Castelli's Diluvio Pro Shoe Covers are full-on winter-ready booties – warm, waterproof and with a svelte-yet-thick fit around the shoe that could only have come from input from Team Sky. They're expensive, though, and for such a high-wear product that might be an issue.
Shoe covers are an essential piece of winter cycling kit, no question. You need them to do their job, and you need them to do it well. Happily, the Diluvio Pros are brilliant performers for the cold and wet winter months, featuring a 4mm-thick neoprene fabric that is as adept at insulating your feet as it is protecting them (and your shoes) from water ingress, from road spray and rain.
Thankfully, there's also a small amount of breathability here too, because the outer layer isn't rubberised in the way wetsuit panels tend to be, for example. In mild conditions where toe warmers will do, your feet will end up soaked in their own sweat, but in temperatures dipping down to the mid-low single figures, you do get just a little welcome air circulation.
Naturally, submerging them in a river crossing (gravel riders, take note) is a no-no if you want dry feet, but I suspect you'd probably worked that out already.
The overshoes extend right up to the calf muscle, adding protection further up the leg, yet they're flexible around the ankle allowing easy freedom of movement. They fasten using a water-resistant zip (complete with neoprene guard so it doesn't rub against the leg), and have tidy openings for your cleats and heels. Fitting as closely as they do to your shoe, they also don't rub against the chainstays at the heel, or against the crank at the side.
Such a neat profile has a small downside in that the Diluvio Pros can be slightly challenging to get over your shoe if you're at the upper limit of the sizing. I wear EU46 size shoes in most cases, so the L/XL we had on test is right on that limit. The flexibility of the neoprene fabric means it's not impossible by any stretch, but it's worth bearing in mind when selecting your size. The holes for cleats and heels underneath are very well positioned, though.
If you have shoes you only use during the winter that you can leave half-covered to minimise pre-ride faff, as I do, then this isn't as big a problem as it first seems. However, if you like to remove, clean and dry your shoe covers after each and every ride, then you'll need to leave an extra few minutes before each ride so you can get them on perfectly.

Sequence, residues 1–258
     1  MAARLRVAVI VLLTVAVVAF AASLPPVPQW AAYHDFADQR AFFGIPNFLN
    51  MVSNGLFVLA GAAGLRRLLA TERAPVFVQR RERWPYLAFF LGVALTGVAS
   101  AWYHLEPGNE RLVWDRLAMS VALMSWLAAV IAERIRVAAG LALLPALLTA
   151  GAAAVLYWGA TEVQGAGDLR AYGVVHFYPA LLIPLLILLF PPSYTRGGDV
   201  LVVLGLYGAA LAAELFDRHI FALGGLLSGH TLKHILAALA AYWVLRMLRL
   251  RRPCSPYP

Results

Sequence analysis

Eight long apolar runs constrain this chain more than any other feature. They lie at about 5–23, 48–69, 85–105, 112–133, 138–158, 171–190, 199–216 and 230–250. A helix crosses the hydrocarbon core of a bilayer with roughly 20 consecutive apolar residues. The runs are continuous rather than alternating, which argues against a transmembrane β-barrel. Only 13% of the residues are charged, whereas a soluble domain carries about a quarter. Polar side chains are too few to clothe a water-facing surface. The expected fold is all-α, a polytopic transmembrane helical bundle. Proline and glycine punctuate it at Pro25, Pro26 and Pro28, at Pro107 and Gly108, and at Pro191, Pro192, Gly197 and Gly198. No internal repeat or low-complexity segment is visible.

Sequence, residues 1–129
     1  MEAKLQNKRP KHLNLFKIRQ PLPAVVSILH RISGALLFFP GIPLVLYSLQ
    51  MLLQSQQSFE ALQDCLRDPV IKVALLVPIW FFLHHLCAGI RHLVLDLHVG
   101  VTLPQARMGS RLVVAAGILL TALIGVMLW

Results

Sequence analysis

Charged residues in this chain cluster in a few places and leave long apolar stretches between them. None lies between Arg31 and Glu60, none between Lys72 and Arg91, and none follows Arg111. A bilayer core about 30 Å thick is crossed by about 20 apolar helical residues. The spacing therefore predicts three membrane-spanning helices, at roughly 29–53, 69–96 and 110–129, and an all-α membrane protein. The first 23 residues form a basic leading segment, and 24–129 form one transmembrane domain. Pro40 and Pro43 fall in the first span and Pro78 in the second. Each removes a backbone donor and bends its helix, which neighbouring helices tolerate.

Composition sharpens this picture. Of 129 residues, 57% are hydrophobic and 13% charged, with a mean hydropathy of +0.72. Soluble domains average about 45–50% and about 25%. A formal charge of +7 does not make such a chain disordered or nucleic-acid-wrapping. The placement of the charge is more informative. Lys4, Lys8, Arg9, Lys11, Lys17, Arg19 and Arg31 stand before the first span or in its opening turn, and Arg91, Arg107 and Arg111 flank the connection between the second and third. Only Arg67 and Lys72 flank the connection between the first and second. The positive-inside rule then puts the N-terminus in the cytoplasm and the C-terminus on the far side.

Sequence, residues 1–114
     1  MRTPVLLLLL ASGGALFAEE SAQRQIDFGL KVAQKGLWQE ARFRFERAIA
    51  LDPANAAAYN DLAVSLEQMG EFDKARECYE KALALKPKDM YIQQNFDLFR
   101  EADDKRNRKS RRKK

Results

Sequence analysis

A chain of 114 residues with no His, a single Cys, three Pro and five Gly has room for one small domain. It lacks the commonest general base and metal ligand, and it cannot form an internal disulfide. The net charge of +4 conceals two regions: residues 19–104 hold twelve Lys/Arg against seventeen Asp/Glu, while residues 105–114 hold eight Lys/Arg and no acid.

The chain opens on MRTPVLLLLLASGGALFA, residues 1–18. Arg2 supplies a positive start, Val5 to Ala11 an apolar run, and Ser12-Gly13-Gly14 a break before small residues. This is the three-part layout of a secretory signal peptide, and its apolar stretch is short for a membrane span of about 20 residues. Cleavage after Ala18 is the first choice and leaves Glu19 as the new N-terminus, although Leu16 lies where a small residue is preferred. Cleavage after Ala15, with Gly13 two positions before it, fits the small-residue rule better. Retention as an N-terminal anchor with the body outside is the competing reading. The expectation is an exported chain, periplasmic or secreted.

You'll probably want to take care of the Diluvio Pros because they cost a fairly hefty £50, a touch pricey for shoe covers that I fear might not see a second winter, given the high wear they're inevitably exposed to.
As with all shoe covers, the undersides take a battering, and there are the early signs of wear and tear that I would expect. I have to do a small amount of walking on a gravel drive before getting on my bike for each ride, so my wear rate tends to be a touch higher than the norm. That said, the underside area – seams and main fabric – seem to be holding up well enough (despite not being reinforced with added material) that I have confidence in their ability to last this winter intact, at least.
Added features include a heel that sports a tough reflective tab for added visibility, while the Castelli branding on the upper side area is reflective too, offering some side-on attention-grabbing visibility. It's nice that the branding is subtle over the black neoprene, though, so you can wear them with any kit easily (if such things matter to you).
Even at £50, they aren't the most expensive overshoes we've tested on road.cc – Rapha's Pro Team Overshoes are another £30 and Shimano's S-Phyre Insulated shoe covers are £59.99, as are Sportful's Fiandre WS Booties – but Lusso's excellent Windtex Stealth Over Boots are £30.